Outstanding Climate ResearchYoung Climate Scientists Award winners announced
5 July 2022, by Franziska Neigenfind
Photo: Nele Popp, privat (2)
The winners of the 2022 Young Climate Scientists Award have now been announced. Three young talents based in Hamburg won over the jury of experts with their final papers from various climate research disciplines. First place was jointly awarded to meteorologist Katharina Holube and Economics graduate Nikolai Surminski. Second place went to Felix Schaumann, who completed his master’s degree in Integrated Climate Sciences.
The prize’s patron is Katharina Fegebank, Hamburg’s Second Mayor and Senator for Science, Research, Equal Opportunities and Districts: “Climate change is one of the most pressing challenges for our society. Here, bright minds and innovative ideas are called for. Consequently, I’m especially pleased that the Young Climate Scientists Award in Hamburg has established itself as an interdisciplinary prize for young talents in climate research. We need young talents with the desire to help shape our future. I wish to extend my heartfelt congratulations to the winners! You have made a valuable contribution through your research, finding creative solutions to limit global warming.”
In her bachelor’s thesis, Katharina Holube addressed what is known as the Madden-Julian Oscillation, a regularly recurring atmospheric phenomenon between the Indian Ocean and the Central Pacific. In his bachelor’s thesis, Nikolai Surminski combined natural-sciences-based climate research with economics-based prosperity analysis to investigate how tipping points in the climate system affect the societal costs of greenhouse-gas emissions, and therefore also the appropriate stringency of CO2 pricing and climate policy. In his master’s thesis, Felix Schaumann analyzed integrated climate-economy models, which are important tools for providing the information needed for climate policy decisions – and investigated how these models can most effectively be validated and assessed.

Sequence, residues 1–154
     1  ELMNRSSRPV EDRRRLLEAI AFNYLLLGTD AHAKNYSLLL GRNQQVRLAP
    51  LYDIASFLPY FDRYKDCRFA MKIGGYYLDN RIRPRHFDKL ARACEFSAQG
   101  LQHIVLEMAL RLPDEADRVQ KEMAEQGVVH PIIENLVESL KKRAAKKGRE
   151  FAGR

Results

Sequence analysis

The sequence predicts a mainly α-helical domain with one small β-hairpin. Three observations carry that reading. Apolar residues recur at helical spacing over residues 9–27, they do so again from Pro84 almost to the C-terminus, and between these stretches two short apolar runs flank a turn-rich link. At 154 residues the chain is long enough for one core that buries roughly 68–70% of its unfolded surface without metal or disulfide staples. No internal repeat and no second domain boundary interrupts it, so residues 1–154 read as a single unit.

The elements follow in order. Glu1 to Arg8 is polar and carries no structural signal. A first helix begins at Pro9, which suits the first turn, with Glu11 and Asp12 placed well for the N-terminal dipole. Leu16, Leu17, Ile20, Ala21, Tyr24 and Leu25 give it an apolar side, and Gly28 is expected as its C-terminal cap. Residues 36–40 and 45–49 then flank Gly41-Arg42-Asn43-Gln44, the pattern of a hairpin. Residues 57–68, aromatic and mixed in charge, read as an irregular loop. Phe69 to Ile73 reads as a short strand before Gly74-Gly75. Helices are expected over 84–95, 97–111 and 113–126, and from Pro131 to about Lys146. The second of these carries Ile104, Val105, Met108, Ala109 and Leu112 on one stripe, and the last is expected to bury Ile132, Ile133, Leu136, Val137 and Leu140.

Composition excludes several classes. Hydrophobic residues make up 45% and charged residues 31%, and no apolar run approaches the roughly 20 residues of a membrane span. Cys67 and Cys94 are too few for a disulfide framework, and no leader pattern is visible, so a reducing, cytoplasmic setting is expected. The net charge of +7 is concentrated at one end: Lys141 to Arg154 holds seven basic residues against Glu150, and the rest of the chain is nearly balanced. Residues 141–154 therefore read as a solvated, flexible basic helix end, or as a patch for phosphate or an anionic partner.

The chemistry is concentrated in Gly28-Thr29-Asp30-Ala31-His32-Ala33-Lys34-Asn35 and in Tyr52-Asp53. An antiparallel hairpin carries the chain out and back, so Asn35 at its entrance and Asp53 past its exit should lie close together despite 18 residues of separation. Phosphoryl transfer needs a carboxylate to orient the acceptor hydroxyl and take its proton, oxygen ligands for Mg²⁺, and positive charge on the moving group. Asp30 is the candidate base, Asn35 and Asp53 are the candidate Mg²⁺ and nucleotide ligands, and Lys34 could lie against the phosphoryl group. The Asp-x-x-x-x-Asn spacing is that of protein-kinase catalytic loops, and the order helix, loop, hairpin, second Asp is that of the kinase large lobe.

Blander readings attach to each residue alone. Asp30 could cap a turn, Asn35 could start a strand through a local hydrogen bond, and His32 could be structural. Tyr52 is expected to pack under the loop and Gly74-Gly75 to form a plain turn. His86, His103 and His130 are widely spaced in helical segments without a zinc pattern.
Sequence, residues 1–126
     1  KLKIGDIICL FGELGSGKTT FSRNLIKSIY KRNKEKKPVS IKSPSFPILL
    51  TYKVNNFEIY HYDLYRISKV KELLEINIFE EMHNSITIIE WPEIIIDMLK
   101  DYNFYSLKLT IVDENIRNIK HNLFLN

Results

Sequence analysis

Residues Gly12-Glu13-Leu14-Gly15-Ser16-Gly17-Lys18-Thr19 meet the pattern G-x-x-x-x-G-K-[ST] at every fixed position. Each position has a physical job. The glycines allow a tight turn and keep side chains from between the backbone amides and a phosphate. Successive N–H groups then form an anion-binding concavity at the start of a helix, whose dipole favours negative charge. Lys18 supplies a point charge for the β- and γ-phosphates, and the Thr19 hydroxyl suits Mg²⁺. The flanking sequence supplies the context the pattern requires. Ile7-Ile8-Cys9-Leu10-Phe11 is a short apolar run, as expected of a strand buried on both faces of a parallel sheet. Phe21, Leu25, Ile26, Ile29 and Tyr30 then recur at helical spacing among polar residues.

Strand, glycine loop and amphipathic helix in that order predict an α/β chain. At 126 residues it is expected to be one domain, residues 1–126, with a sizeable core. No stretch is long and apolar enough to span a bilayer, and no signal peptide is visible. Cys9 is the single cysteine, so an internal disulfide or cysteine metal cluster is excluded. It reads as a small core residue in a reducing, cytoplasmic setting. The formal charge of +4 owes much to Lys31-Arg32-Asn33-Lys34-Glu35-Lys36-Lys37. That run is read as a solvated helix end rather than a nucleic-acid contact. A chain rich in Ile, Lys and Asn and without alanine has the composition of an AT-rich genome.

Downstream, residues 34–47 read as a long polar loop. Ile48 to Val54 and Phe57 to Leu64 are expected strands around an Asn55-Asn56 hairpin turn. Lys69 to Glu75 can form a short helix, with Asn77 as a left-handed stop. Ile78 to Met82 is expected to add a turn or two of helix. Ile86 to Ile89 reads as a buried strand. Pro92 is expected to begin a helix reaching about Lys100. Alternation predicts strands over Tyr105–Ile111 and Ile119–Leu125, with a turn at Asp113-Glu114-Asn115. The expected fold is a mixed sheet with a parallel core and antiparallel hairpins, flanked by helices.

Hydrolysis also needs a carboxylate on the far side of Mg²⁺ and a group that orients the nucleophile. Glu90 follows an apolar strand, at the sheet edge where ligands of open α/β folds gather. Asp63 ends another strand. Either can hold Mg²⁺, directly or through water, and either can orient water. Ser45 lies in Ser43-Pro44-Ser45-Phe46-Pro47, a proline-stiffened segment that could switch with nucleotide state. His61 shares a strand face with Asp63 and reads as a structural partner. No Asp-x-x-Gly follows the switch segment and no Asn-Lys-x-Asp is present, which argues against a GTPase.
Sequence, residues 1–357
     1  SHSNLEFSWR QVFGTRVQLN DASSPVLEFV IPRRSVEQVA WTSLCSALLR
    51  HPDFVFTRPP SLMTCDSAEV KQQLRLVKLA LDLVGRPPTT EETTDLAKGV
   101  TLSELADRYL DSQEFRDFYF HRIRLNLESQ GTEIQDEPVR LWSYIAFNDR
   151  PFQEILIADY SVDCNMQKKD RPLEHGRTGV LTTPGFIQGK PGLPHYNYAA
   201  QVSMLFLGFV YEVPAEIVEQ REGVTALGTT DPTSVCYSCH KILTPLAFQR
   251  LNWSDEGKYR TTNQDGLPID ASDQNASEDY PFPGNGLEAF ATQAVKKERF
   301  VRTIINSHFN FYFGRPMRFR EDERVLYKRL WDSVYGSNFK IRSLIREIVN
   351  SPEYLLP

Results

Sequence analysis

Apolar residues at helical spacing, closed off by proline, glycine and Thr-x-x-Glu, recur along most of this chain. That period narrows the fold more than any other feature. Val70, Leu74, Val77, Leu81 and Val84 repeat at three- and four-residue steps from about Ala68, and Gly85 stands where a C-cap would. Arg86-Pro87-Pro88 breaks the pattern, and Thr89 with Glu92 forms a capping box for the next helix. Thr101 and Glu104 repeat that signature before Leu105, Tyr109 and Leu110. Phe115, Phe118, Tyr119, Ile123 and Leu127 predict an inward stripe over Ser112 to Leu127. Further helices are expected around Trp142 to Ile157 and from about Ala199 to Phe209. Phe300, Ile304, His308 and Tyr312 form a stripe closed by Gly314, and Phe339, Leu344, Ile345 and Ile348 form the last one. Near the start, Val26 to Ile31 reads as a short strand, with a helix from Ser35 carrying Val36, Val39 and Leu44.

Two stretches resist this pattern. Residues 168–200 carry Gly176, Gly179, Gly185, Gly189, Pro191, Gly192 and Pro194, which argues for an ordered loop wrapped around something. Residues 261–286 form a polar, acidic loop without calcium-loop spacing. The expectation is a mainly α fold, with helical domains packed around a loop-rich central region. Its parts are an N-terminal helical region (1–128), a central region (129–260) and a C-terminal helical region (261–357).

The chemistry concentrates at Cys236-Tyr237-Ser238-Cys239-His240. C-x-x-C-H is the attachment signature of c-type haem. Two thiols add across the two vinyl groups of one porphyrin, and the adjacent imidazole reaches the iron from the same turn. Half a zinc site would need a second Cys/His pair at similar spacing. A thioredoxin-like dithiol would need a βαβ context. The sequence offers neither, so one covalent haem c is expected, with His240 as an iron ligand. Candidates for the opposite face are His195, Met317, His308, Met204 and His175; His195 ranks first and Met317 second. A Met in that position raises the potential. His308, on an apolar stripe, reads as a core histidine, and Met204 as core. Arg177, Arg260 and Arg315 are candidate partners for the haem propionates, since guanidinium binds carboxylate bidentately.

By awarding the prize, Universität Hamburg’s Center for Earth System Research and Sustainability (CEN) honors outstanding bachelor’s and master’s theses that address climate-related topics from a natural sciences, humanities, social sciences or economic perspective. The three prizes have a total cash component of 10,000 euros and are funded by the Gesellschaft Harmonie von 1789 e.V. This year’s two first-place winners received 4,000 euros each, while the second-place winner took home 2,000 euros. “Our goal is to reinforce Hamburg’s standing as a center for climate research, and we are very pleased to offer support to young researchers,” says Jan Themlitz from the Gesellschaft Harmonie. According to Prof. Detlef Stammer, Director of the CEN: “The number of promising papers submitted this year was especially high, which shows just how many remarkable young talents Hamburg-based climate research has to offer.”
More Information about the Young Climate Scientists Award.